Despite what many people would expect, the time that immediately follows a sale is often challenging and confusing for entrepreneurs. “The moment you have a liquidity event, you have 10 banks writing you a letter saying that they want to sell you a discretionary mandate,” says Sibylle. “It’s very over- whelming.” She suggests that entrepreneurs therefore need to build a relationship with a trusted advisor before the sale. “One pitfall to avoid is simply taking a shortcut and choosing the cheapest of those 10 proposals, rather than going through the longer process.” She often works with entrepreneurs in the maturity stage of their business, when they’re starting to think about an exit, when she and her team can work with them to craft a tailored strategic plan for their wealth and their future.

When our Partners speak to our clients, it’s an entrepreneur talking to an entrepreneur.

Before and after a sale or liquidity event, every entrepreneur has to ask themselves some vital and fundamental questions, Sibylle notes: “What do you want to do with your wealth? What do you want to achieve? What is the purpose?” Some people, for instance, simply want to have a stable income to sustain their lifestyle; others want to make a difference through philanthropy and impact investing; while some people’s highest priority is preserving their wealth for their family and the next generation. Sibylle and her colleagues do a lot of probing and listening during these stages, before they use the answers to construct an investment strategy that is tailor-made to any given client.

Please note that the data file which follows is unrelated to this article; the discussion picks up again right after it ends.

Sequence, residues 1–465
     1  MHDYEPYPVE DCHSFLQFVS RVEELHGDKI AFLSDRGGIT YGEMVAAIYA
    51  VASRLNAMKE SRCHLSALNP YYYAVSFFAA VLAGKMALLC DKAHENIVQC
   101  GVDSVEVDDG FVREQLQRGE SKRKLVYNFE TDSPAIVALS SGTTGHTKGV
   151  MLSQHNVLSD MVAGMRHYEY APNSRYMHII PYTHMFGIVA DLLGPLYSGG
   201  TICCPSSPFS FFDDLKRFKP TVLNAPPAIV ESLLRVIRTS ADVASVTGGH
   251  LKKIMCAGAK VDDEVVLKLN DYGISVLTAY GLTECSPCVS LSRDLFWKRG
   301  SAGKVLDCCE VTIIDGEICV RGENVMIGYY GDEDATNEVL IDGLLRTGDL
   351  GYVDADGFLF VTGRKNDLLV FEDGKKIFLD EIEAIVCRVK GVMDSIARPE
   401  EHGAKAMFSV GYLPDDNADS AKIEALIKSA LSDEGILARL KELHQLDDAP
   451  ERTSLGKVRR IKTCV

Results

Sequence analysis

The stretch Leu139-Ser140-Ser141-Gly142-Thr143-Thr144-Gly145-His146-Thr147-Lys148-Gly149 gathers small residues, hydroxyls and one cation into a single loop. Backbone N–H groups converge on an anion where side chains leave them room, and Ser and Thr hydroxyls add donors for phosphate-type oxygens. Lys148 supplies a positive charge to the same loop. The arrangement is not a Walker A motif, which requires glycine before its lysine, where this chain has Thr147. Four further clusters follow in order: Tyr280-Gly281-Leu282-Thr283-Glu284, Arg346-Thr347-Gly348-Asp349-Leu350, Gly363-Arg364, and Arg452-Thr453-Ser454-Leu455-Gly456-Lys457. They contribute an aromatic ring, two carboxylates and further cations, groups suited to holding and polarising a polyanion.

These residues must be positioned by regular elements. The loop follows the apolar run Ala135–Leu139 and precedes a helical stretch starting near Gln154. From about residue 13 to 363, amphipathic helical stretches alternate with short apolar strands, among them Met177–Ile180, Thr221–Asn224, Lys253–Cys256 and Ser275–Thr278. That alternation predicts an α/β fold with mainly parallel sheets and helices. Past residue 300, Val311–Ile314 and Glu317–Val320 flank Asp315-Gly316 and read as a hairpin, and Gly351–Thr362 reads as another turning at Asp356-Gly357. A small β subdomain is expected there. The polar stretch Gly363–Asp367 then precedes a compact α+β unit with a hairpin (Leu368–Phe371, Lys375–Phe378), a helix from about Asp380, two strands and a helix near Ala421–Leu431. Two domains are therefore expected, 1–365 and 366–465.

There is also an emotional element that is often underappreciated, a side which Sibylle believes is actually more important than the financial and organisational side. “You’ve worked so hard, let’s say for 10, 15, maybe 20 years,” she says. “And then you sell your company, and nobody calls on a Monday morning. That can be very difficult.” In her experience of working with entrepreneurs who have sold their businesses, a lot of them initially take a break, but then come back and say, as Sibylle puts it: “‘This is so boring, I can’t stand it. I want to create my next company.’” These people rarely start again entirely from scratch, she notes, but they often become investors in their own right, supporting start-ups or moving into private equity.

Of course, for many entrepreneurs, an exit isn’t even their preferred outcome. Even within this edition of Pictet Report, we’ve spoken to entrepreneurs who have passed their businesses on to their children, and others who have evolved their businesses from being family-managed to being family-owned entities. “We’re talking a lot about liquidity events, but this is not taking into account the real economy,” Sibylle says, “because most companies stay private. They stay within the family and each generation hands it over to the next.”

This way of thinking is, of course, embedded within Pictet, a company that has remained privately owned for over 215 years and been passed down through the generations of its owning family. As Sibylle notes, this means that Pictet is perfectly placed to speak to entrepreneurs naturally and on their own level. “It’s about walking your talk,” she says. “When our Partners speak to our clients, it’s an entrepreneur talking to an entrepreneur. They’re aware of the challenges, of how difficult it is to be an entrepreneur.” This level of affinity that Pictet has for entrepreneurs exists across the board, whether the founder in question wants to exit and explore a new stage of life as an investor, or they want to continue the family business and pass it on to the next generation.